Using transgenic animal modeling, Dr. Pinkert's work has illustrated the potential of modifying the immune system, enhancing growth performance and the feasibility of biopharmaceutical production ('molecular pharming'). Enabling technologies and procedures have also been developed for the genetic engineering of both nuclear and mitochondrial genes. Most recently, his laboratory has embarked on pioneering studies revolving around mitochondrial transfer techniques and the development of transmitochondrial animals.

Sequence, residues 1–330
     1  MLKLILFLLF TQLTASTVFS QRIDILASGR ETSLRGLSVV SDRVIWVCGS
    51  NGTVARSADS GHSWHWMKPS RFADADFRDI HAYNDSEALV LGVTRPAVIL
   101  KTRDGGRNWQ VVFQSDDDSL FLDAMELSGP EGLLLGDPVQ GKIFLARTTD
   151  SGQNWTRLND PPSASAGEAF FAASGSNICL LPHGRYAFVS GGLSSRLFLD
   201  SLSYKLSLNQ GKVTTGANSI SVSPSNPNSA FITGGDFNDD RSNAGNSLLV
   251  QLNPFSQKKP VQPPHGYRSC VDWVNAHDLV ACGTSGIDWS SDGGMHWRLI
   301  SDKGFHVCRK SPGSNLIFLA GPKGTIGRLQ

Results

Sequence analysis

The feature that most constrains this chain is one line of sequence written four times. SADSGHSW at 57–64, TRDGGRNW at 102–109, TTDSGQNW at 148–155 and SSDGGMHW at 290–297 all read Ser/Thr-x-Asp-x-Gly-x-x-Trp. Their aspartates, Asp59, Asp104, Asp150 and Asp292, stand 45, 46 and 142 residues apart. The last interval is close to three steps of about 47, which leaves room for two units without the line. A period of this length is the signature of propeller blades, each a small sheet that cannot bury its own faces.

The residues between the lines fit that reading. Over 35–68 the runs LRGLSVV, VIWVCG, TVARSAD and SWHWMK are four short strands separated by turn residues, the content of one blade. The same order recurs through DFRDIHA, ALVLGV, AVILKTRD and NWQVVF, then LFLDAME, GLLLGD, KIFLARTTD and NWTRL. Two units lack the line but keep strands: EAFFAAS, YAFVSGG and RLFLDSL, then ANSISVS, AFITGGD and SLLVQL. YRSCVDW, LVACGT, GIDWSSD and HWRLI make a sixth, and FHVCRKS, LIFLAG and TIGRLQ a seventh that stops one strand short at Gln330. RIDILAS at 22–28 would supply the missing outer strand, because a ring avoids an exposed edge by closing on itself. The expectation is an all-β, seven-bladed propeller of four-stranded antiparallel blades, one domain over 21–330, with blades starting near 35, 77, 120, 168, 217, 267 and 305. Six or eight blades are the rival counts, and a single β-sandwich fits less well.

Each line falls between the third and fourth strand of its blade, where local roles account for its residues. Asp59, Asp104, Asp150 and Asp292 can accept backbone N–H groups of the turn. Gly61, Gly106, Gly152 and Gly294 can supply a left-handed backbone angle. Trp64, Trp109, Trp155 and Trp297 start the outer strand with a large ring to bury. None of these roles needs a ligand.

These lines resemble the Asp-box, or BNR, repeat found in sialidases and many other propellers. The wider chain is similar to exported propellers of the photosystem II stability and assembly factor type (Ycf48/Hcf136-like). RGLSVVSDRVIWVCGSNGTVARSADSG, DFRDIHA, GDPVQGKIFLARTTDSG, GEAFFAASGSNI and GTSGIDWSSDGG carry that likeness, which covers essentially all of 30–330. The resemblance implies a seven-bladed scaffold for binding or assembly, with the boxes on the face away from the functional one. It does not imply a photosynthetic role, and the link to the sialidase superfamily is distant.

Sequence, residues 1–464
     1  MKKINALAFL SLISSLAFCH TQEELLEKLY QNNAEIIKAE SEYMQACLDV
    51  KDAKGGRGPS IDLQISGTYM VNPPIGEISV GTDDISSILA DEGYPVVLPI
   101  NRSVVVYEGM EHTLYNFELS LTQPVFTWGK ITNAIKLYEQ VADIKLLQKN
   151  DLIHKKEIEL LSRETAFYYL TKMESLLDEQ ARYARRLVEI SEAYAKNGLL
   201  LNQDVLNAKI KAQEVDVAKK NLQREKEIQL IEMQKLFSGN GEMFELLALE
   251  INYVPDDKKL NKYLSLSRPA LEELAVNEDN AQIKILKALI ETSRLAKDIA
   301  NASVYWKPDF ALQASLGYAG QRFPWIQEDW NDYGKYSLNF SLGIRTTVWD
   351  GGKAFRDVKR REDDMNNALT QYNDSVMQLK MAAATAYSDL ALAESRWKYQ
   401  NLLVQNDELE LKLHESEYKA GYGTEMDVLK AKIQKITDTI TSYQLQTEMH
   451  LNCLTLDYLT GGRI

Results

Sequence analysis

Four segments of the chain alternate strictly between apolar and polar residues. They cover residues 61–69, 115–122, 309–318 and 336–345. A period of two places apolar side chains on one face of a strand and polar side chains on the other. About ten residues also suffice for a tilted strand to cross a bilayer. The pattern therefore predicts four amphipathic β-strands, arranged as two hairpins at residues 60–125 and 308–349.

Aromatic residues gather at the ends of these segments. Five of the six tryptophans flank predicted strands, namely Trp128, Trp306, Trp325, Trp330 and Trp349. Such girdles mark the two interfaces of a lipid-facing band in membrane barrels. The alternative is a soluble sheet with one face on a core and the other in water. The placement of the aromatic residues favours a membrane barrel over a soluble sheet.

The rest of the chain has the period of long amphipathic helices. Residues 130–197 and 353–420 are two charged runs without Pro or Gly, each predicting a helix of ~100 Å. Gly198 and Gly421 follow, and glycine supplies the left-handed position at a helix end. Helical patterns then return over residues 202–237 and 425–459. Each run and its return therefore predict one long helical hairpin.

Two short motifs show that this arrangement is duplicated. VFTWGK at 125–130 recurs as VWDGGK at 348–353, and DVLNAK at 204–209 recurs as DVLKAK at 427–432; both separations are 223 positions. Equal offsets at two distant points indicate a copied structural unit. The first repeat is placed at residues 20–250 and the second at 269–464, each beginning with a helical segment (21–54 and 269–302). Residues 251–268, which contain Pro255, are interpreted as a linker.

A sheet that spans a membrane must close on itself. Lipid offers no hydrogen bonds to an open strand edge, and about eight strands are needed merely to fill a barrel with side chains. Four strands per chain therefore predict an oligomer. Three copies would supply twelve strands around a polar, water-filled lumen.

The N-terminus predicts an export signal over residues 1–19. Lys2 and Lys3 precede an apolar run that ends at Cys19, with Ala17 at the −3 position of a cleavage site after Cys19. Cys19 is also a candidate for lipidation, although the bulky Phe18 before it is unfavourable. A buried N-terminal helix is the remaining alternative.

In vertebrates, mitochondrial DNA (mtDNA) encodes 37 genes that are highly conserved across all species. In humans, mutations arising exclusively within the mitochondrial genome give rise to a class of severely debilitating and lethal disorders. Such mutations, many of which exist in a heteroplasmic state (where both normal and mutant mitochondrial genomes coexist in varying proportions), mainly affect tissues with high cellular energy requirements (e.g., brain, muscle, heart, kidney and endocrine organs). In contrast to nuclear genes, mitochondrial gene replication and function differ markedly - from exclusive matrilineal inheritance to the presence of hundreds or thousands of mitochondria within a given cell. Various human diseases have been associated with specific mtDNA mutations including diabetes mellitus, myocardiopathy and retinitis pigmentosa, as well as age-associated changes in the functional integrity of mitochondria as seen in Parkinson's, Alzheimer's and Huntington's diseases. Accordingly, the ability to manipulate and regulate the expression of mitochondrial genes provides a basis for developing innovative gene therapy paradigms. In collaborative studies, the creation of transmitochondrial mice (mice harboring introduced and species-specific mitochondrial genes) represents an initial step toward providing a greater understanding of mitochondrial dynamics while paving the way for therapeutic interventions in humans and manipulation of mitochondrial genetics in a host of species.